Title: Apply NSI in SDX Topology Exchange
Booths: NCHC #351, iCAIR #749
Description: In our previous work, we have designed and implemented inter-domain SDN topology discovery and real time flow viewer, which works well in pure SDN scenarios. However, SDN networks are more likely to coexist with legacy networks in an exchange point, especially a SDN Exchange Point (SDX), which obviously needs a new mechanism to reveal the overall topology. In our newly proposed system, the Network Service Interface (NSI) message exchange mechanism is incorporated to exchange topology information between SDN and legacy networks, which aims to enable hybrid network topology automatic discovery in a SDX. The main goal of our demonstration is to utilize NSI protocol as a SDN controller East-West bound interface. We will demonstrate the capability of SDX topology discovery across multiple domains.
Title: Dynamic Remote I/O
Booth: LAC/OCC #749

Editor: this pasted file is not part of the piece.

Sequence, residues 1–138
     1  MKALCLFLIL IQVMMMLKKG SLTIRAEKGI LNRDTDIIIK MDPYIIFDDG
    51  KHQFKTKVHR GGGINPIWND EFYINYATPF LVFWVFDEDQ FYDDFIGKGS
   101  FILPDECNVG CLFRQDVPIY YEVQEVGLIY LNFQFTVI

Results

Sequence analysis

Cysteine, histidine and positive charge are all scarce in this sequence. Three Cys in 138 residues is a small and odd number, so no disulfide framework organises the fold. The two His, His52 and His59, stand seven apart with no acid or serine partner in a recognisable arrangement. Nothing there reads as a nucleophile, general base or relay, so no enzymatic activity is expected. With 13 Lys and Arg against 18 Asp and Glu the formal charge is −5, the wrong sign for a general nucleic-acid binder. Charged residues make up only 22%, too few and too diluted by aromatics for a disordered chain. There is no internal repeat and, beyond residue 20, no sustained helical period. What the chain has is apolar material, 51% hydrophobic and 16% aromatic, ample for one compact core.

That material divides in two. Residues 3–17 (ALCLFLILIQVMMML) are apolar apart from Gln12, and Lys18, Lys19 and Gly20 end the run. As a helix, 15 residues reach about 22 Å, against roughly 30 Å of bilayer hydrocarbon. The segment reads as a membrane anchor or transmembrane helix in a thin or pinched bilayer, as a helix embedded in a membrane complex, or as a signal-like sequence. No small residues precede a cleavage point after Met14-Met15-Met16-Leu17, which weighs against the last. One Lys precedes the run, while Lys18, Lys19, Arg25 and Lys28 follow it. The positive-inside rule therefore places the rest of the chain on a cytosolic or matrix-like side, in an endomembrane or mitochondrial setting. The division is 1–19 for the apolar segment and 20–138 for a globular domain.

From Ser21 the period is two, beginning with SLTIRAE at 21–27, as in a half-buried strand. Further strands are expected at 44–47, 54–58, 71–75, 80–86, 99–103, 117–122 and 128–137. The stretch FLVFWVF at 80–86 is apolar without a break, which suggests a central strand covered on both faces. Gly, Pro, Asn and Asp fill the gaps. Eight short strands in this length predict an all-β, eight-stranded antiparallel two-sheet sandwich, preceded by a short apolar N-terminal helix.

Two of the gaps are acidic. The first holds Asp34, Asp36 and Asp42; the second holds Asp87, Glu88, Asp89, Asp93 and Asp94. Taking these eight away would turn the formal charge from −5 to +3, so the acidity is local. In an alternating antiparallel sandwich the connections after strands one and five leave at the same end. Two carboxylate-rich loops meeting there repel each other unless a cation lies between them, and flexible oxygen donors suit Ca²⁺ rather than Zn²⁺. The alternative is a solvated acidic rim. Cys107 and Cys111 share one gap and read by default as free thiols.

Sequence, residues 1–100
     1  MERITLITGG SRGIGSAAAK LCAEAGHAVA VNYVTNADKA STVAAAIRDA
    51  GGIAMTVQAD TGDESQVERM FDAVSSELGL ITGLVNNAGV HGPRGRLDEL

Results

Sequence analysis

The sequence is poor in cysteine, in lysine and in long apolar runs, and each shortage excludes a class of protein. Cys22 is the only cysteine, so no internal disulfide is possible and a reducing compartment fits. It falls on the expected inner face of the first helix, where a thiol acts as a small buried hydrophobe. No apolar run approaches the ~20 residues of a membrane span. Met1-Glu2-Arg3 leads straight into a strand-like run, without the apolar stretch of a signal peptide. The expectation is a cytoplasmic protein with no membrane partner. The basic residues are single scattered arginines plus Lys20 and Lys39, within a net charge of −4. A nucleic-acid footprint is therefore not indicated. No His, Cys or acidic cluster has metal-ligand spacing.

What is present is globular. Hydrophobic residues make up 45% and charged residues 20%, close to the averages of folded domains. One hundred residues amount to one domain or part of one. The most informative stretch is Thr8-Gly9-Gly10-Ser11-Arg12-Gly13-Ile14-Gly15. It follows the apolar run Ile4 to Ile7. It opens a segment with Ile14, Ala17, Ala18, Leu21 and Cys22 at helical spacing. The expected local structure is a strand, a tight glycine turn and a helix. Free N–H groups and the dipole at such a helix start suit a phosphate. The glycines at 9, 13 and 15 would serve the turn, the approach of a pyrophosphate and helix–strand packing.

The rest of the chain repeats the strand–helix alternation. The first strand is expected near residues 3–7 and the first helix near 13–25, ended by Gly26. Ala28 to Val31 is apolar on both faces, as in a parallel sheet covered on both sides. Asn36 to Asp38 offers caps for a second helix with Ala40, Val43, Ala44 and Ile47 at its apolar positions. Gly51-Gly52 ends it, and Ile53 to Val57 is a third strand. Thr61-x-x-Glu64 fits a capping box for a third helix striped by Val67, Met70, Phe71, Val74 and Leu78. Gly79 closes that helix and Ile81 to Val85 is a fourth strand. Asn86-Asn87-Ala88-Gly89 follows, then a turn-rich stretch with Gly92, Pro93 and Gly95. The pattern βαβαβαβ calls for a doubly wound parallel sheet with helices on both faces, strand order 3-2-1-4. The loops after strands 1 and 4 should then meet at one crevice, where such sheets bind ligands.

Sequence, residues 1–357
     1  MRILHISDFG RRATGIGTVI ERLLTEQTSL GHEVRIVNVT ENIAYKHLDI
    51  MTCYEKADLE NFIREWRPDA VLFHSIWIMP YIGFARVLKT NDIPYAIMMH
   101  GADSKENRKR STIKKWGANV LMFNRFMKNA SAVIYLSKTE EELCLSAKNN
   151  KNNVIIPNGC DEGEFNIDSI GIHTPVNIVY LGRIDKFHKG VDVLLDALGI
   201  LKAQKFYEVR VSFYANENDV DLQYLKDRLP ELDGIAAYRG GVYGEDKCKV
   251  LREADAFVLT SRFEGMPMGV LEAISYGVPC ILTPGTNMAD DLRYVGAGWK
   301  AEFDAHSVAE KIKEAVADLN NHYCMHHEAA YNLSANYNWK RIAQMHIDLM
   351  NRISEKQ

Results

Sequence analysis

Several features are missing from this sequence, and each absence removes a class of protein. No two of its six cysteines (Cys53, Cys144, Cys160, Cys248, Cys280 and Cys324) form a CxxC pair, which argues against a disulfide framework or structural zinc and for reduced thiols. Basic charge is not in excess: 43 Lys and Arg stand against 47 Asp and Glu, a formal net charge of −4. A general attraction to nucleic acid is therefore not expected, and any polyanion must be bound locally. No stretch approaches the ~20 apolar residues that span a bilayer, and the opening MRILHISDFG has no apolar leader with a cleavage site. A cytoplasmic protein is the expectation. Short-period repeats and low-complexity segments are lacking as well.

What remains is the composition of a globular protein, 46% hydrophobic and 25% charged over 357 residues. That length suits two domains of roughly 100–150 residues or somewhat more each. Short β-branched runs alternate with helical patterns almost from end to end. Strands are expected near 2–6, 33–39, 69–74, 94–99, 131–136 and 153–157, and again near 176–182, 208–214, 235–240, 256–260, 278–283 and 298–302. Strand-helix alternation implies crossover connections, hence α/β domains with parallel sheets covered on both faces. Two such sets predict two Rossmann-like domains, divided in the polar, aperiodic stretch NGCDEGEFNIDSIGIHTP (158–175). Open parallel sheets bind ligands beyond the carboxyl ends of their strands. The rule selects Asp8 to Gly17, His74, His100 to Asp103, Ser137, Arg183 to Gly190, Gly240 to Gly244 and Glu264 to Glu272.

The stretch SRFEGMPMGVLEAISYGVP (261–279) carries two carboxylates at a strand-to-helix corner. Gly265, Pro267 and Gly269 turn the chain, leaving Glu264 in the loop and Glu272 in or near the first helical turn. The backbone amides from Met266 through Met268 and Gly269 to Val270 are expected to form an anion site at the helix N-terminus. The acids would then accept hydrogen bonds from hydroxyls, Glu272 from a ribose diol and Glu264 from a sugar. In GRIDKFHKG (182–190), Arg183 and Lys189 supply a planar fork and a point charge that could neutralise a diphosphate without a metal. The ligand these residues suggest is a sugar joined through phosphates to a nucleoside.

Description: Demonstration of large-scale remote data access between distant operating locations leveraging a dynamic pipelined distributed processing framework and software defined networking. Live production quality 4K video workflows across a nationally distributed set of storage and computing resources - relevant to emerging data processing challenges. The Dynamic Remote I/O strategy allows data processing to begin as soon as data begins to arrive at the compute location rather than waiting for bulk transfers to complete. NRL plans to source multiple full quality 4K video streams, including live 4K x 60fps, to fill 100G links. Live and stored video data streams will be provided from SC15 in Austin, TX, from NERSC in Oakland, CA, and from NRL in Washington, DC. The 100G network for this demonstration will leverage resources from ESNet’s 100G network testbed, the StarLight Software Defined eXchange (SDX) in Chicago, and from DREN/CenturyLink networks as well as switches provided by multiple vendors. Video processing will be accomplished in Oakland, Chicago, Washington, DC and Austin, TX showing the ability to process against remote data "on the fly" without first doing bulk data transfers. The “Pipelines” processing framework application will dynamically switch video sources and redistribute the processing.